When you think of jobs that have gone the way of the dodo, certain ones spring to mind right away: chimney sweeps. Switchboard operators. Bowling alley pinsetters. Organ grinders’ monkeys. Almost every flea circus ringmaster. Well, just imagine what it was like to have a career as a title card artist or title card writer in the late 1920s when talkies were coming in–it must’ve been pretty intense.
It must’ve been a little sad, too. For even though titles (or “captions,” or “subtitles,” or “leaders,” as they were variously called–today we often call them “intertitles”) were sometimes considered a tad intrusive even back then, they did evolve into their own skilled artform.
Tracking the early stages of that evolution is tough, since many of the oldest silents are missing their titles–typically the main titles. Usually this is due to being damaged by countless threadings on countless projectors, or because the film stock was cheap and didn’t hold up over time. Plus, foreign theaters often swapped English titles for ones in their own language.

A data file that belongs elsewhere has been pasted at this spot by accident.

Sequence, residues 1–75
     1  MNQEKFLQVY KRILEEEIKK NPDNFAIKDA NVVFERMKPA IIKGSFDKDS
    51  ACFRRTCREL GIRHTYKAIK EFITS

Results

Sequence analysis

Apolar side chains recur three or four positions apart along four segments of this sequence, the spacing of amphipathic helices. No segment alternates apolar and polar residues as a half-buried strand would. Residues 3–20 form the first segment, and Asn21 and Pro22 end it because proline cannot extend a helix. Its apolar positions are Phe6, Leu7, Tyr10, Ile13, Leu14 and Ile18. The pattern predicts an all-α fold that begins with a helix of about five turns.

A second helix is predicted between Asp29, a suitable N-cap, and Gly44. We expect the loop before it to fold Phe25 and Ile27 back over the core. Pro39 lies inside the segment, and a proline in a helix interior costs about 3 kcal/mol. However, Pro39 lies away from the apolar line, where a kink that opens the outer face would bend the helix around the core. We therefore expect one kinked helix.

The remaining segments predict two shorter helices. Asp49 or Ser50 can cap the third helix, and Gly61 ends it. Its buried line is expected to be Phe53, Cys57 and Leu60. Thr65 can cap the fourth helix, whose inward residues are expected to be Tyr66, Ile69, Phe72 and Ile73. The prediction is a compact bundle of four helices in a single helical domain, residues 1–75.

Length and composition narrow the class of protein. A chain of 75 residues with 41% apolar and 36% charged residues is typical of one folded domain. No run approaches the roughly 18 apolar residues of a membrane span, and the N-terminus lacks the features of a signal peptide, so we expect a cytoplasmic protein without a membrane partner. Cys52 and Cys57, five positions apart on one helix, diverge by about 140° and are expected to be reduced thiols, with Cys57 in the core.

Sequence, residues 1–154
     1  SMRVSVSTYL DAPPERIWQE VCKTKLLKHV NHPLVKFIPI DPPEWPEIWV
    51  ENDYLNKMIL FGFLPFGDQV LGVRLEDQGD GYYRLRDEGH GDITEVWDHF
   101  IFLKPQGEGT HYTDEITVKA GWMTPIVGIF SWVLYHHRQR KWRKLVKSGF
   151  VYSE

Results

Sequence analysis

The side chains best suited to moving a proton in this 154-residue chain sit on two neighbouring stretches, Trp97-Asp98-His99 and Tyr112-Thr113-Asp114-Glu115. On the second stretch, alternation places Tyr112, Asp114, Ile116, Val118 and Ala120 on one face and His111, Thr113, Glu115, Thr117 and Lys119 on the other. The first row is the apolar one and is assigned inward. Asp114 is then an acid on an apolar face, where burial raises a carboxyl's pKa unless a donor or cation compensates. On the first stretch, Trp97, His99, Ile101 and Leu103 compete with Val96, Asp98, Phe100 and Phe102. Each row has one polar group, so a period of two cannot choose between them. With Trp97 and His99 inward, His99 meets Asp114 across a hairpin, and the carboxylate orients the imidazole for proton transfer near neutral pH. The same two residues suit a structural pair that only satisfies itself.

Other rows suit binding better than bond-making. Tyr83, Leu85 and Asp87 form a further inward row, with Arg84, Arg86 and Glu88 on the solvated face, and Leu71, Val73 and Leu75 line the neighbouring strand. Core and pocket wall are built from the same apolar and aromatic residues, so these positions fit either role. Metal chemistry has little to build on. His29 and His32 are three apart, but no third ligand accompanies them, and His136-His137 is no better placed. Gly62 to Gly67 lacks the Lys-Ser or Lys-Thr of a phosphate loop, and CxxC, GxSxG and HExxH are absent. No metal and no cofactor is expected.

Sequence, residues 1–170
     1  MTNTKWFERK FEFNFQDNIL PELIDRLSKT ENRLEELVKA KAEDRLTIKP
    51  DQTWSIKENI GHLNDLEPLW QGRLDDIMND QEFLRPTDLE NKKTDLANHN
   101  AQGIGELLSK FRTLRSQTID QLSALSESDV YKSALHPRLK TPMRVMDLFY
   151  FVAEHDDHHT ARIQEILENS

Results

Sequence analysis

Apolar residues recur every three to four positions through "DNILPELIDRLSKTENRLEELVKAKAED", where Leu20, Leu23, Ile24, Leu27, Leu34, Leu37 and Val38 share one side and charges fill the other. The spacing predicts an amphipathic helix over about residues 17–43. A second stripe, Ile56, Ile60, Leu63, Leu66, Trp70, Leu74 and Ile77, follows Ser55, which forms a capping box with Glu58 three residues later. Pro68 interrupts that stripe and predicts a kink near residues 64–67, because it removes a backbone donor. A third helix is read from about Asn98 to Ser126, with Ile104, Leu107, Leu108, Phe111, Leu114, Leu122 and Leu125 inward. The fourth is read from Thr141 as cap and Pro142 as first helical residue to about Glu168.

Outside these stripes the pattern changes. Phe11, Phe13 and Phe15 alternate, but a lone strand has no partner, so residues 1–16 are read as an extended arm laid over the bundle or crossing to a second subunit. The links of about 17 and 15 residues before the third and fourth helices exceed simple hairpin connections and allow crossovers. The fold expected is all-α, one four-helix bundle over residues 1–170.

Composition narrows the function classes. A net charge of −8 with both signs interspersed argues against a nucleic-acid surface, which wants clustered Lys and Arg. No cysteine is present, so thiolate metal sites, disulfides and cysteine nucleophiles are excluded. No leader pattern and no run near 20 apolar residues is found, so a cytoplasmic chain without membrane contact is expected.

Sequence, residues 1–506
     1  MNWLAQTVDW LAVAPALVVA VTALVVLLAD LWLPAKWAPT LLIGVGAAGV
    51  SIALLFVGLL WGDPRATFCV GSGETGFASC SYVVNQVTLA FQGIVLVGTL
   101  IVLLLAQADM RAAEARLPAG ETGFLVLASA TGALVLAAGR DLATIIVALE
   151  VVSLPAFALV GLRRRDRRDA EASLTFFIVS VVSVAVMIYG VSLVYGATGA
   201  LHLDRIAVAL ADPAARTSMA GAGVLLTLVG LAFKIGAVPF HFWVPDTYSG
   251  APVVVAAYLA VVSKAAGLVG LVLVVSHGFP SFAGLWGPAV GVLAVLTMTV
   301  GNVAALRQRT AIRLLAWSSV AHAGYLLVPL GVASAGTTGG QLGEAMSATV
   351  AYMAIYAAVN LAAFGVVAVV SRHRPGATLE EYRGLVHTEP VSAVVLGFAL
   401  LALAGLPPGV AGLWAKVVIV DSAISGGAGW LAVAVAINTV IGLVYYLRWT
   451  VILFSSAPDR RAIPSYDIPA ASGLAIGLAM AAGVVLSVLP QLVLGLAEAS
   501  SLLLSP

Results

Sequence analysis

From what we can tell, 1900s and early 1910s films often used plain black backgrounds with white lettering. This was the standard since they were thought to be easier on the eyes than white backgrounds (eye strain was a big concern in the early cinema dadys). Since piracy became an issue almost the second Louis Le Prince and Thomas Edison got twinkles in their eyes, studios soon began adding their logos to the titles.
Notice the plain, sans-serif font above. As studios began churning out alarming amounts of one-reel and split-reel films, they found one of the quickest ways to make titles was to arrange simple white metal or cardboard letters on a black velvet background. There were also special printing machines available just for creating title cards, helping to further streamline the process.
At times, early titles could be a bit experimental. In this still from Alice in Wonderland(1903), the title is overlaid over a live action shot of Alice:
And in the famous The Great Train Robbery (1903), we see what are hand-drawn (or perhaps artfully arranged) letters complete with flourishes:
In time, studios started adopting specific templates for their titles, putting the words inside artistic frames. Each studio had their own style, whether it was the same frame for every film (like Keystone’s main titles) or several frames with similar motifs (like the work of Segundo de Chomón):
By the 1910s, film was rapidly growing more sophisticated, and so were title cards. While typed letters were still in use, hand-drawn lettering was very common since filmmakers felt it had more character. Stencils with openings for rows of words ensured everything was properly spaced and centered. Designers began utilizing more of the empty spaces, adding painterly backgrounds or “pictorial embellishments” and trying different fonts, as in this example in From the Manger to the Cross (1912):